American English Coonhound

American English Coonhound’s are descended from the English Foxhound that was brought to America in the 1800s. With their many years of breeding and training, the desire to hunt is strongly ingrained in this breed’s genetics.

The American English Coonhound is an incredibly loyal and caring breed, who are eager to please those around them. They are good with children of all ages and will protect them as if they’re their own puppies.

As American English Coonhounds have such a loud bark you may think that they would make a good choice as a guard dog but this is wrong. They are incredibly friendly and this can be taken advantage of by someone.

American English Coonhound Key Information

Height: 21 to 26 inches
Weight: 45 to 65 pounds
Life span: 10 to 12 years
Breed family: Hound Dogs

Exercise requirements: High
Good with children: Yes
Area of origin: United States
Also known as: Virginia Hounds, Redtick Coonhound, English Coonhound

History

The American English Coonhound’s were heavily used for hunting raccoons hence the “Coon” part of their name.

They were bred by breeders crossing English Foxhounds with other breeds. Their goal was to create a breed that was able to join all day and night hunts for raccoons, foxes and other similar animals without tiring. The breeding was especially important as the terrain that they would be going over in America is more rigorous than what the English Foxhounds were used to in England. The American English Coonhound became its own specialization when they started to focus on breeding for night hunts, which would specifically look to hunt down raccoons. 

American English Coonhounds and other Coonhounds were used a lot in a type of hunting called treeing. Treeing is where the hunt would look to drive pray up a tree, which cornered it and left it vulnerable to being shot by hunters.

Table of Contents

Personality

The American English Coonhound is an incredibly friendly dog that will quickly make friends with anyone who shows it affection. They are a sociable breed and want to be part of a pack so they will naturally start to fit into your family.

They can seem to have multiple personalities. When they’re outside they can go into hunting mode where they’re tireless and ready to chase anything down that they perceive to be prey. Where as at home they’re more calm and loving companions, who will lost to nest down in a comfortable area.

Interaction with Children

American English Coonhounds are a very caring breed and will look after children as if they are their own puppies. As with all dogs though, whenever young children are playing with dogs you should keep an eye on both. Small children are still exploring the world and do things like poke eyes exploring, which may cause the American English Coonhound to try to get the child to stop (any parent can understand that after having their child poke them in the eye and think it funny).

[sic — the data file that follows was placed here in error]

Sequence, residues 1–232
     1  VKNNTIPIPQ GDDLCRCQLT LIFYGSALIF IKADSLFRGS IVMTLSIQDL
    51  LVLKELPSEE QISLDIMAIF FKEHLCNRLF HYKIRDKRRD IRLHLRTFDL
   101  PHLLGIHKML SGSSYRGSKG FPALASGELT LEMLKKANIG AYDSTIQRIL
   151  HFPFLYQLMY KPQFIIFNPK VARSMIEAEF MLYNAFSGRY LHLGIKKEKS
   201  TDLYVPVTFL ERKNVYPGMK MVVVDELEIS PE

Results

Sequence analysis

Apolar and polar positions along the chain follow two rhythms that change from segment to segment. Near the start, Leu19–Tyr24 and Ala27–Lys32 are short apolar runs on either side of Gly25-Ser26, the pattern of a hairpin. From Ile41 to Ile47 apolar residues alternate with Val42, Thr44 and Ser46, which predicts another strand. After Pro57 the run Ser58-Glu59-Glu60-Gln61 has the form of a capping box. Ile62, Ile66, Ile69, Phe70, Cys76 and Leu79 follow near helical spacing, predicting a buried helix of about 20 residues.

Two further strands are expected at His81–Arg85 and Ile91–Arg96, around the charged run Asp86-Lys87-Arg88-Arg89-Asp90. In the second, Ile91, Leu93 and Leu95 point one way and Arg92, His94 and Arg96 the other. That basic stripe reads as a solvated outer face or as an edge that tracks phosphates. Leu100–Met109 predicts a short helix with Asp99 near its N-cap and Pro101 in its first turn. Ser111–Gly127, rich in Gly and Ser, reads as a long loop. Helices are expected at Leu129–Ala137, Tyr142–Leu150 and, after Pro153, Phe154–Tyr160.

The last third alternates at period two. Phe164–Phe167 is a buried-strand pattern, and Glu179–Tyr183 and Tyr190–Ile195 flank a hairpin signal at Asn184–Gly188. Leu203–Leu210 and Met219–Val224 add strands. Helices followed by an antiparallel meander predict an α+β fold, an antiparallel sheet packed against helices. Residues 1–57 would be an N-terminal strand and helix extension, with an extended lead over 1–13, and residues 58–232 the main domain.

Interaction with other pets

Due to their American English Coonhound’s ever present desire to hunt it is not recommended to have American English Coonhounds with small pets. It may be possible to avoid issues by introducing a American English Coonhound puppy into a home with existing small pets and training them but this may not always work.

Feeding

As an active breed they can require a good quality diet to provide them with the necessary calories, vitamins and minerals to keep them healthy. You should look to break their feeding up into three meals a day to help spread out the food. This helps to make sure they get what they need while avoiding eating too much in one go.

Using treats as a useful tool then training your dog, giving your American English Coonhound too many can lead to them becoming overweight. Where possible it is a good idea to start transitioning from treats to something like a clicker as part of their training.

It is always worth remembering that if your dog is spayed/neutered then this will change the amount of food that they need to eat as their metabolic rate will be lower than it was before. By adjusting the amount of food you give them after this you can avoid them becoming overweight.

As American English Coonhounds get older they are prone to getting overweight. This is due to them becoming less active and therefore not burning as many calories. 

Care

American English Coonhound’s are a great choice for owners who have the time to look after their dog and go out for walks but if you’re short on time then they are unlikely to be a good choice for you.

Grooming

The American English Coonhound has a short hard coat that doesn’t require a lot of grooming. Their nutrition will play a large part on the shine and texture of the American English Coonhound’s coat but nutrition alone won’t ensure they look their best, you will still need to groom them for this. You should look to use a grooming mitt with rubber nubs on a weekly basis will minimize the amount of shedding around your home.

Bathing them every four to six weeks will help to reduce doggy odor. Be careful not to bathe them too often as it will remove the natural oils from their coat, which help to keep their coat healthy and prevent some pests.